Chalk, markers for writing and drawing
Students -

Paper with appropriate division equations to practice drawing solutions to during 3rd phase of Scaffolding Instruction – Low Level of Scaffolding Instruction.
Pencils for drawing and writing answers.
Description:

1.) Scaffold Using a High Level of Teacher Direction/Support

a. Choose one or two places in the problem-solving sequence to invite student responses. Have these choices in mind before you begin scaffolding instruction. (Examples of choices are shown in red.) *Color-code the dividend and the divisor in each equation during this phase of instructional scaffolding.

Review steps of “DRAW”
"I have an equation here. Hmm, I know there is a strategy that can help me draw pictures to solve this equation. What is the name of the strategy? Oh, yes, it is called ‘DRAW’. (Point to ‘DRAW’ in the FASTDRAW Strategy or display ‘DRAW’ and its steps separately.) What is the name of the strategy that can help me draw pictures to solve this equation? (Elicit the response, “DRAW.”) I know each letter in ‘DRAW’ stands for a step in solving an equation. The ‘D’ stands for ‘Discover the sign.’ (Point to the appropriate phrase as you say it.) What does the ‘D’ stand for? (Elicit the response, “Discover the sign.”) Yes, ‘D’ stands for ‘Discover the sign.’ (*Repeat this process for each step of ‘DRAW’.)"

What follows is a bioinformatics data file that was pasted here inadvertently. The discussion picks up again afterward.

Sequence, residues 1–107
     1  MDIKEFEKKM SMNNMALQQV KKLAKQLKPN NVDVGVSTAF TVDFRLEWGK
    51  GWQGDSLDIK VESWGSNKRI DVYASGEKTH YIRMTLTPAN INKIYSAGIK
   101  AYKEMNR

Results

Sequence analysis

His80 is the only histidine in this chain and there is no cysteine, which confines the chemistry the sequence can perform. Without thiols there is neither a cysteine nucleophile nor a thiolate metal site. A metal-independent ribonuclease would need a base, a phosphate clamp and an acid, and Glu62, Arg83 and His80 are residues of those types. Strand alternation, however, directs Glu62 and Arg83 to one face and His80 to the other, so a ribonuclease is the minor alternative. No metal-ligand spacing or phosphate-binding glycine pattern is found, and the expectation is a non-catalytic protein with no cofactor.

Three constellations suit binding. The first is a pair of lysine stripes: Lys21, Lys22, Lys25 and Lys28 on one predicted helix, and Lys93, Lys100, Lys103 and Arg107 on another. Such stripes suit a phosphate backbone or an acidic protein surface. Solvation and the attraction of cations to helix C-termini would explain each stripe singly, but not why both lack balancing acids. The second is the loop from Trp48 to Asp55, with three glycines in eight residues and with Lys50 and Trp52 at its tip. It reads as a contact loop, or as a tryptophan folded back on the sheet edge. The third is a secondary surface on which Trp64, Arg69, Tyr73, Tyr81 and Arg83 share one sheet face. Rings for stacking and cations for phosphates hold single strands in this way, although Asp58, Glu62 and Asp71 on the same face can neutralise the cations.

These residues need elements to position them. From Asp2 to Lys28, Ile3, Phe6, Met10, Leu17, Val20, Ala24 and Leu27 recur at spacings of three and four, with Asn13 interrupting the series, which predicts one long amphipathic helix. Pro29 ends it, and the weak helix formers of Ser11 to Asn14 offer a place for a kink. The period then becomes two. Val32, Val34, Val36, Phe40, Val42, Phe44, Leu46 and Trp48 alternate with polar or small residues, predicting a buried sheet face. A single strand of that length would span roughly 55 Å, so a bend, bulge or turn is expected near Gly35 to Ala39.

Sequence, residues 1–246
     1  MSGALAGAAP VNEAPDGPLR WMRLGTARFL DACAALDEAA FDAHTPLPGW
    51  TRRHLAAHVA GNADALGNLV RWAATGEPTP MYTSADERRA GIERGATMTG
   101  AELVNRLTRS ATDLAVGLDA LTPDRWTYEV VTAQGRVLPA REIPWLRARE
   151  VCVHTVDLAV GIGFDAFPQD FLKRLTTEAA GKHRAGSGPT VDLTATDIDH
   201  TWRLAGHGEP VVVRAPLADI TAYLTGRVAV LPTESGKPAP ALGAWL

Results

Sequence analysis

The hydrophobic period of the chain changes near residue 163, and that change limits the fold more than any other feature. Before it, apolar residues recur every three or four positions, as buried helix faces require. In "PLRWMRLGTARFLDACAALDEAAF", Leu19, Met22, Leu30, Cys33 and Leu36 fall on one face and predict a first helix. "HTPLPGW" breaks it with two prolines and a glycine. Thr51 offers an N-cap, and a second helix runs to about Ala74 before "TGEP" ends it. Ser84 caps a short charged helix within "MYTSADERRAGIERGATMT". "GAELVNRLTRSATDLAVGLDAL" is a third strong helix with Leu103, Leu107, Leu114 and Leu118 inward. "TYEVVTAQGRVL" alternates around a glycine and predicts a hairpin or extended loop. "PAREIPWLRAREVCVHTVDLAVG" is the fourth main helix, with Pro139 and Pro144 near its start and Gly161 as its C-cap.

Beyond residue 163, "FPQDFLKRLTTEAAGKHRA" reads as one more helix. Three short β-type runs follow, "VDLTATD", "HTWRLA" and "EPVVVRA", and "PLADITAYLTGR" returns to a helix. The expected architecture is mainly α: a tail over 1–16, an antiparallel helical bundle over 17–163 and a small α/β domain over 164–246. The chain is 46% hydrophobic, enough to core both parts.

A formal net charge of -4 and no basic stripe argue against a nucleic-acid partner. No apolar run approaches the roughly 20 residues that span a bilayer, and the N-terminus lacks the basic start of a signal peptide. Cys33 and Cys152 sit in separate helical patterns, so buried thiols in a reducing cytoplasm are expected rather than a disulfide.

Model the “D” step, “Discover the sign.”
"Now that I know I can use the ‘DRAW’ Strategy to help me solve this equation, I can begin by completing the first step, ‘D’. What does ‘D’ stand for? (Point to the ‘D’ step and elicit the response, “Discover the sign.”) Yes, I first need to discover the sign. I do this by finding the symbol that tells me what math operation to use. (Point to the division sign.) Hmm, this sign has a line in the middle and a dot on the top and a dot on the bottom. It also looks like a sideways face. I see a long nose with two eyes. (Point to the relevant features of the division sign.) What can I do to help me remember what math operation I need to use? (Elicit the response, “circle it.”) Yes, I can circle it to help me remember what math operation to use. (Circle the division sign.)"

Model the “R” step, “Read the problem.”
“I’ve discovered the sign, and know I need to divide. The next step is ‘R.’ What does ‘R’ stand for? (Point to the ‘R’ step and elicit the response, “Read the problem.”) Yes, I need to read the problem. “ When I read a division problem, I know I need to read the dividend or total first. Usually, the dividend will be the number that has the higher value because it represents the total. In this equation, the dividend must be __ because it has the higher value. (Point to the dividend and say it aloud.) I know that I have to divide because the sign I discovered is a division sign. (Point to the division sign.) Last, I find the divisor. This number must be my divisor because it is the remaining number. It also represents a lower value. The divisor usually is a number that has a lower value than the dividend. Now that I know all the parts of this equation, I’ll read it. (Read the equation aloud.) Now, read the problem with me. (Encourage students to read the problem aloud with you as you point to each part of the equation.)”

Model the “A” step, “Answer, or draw and check.”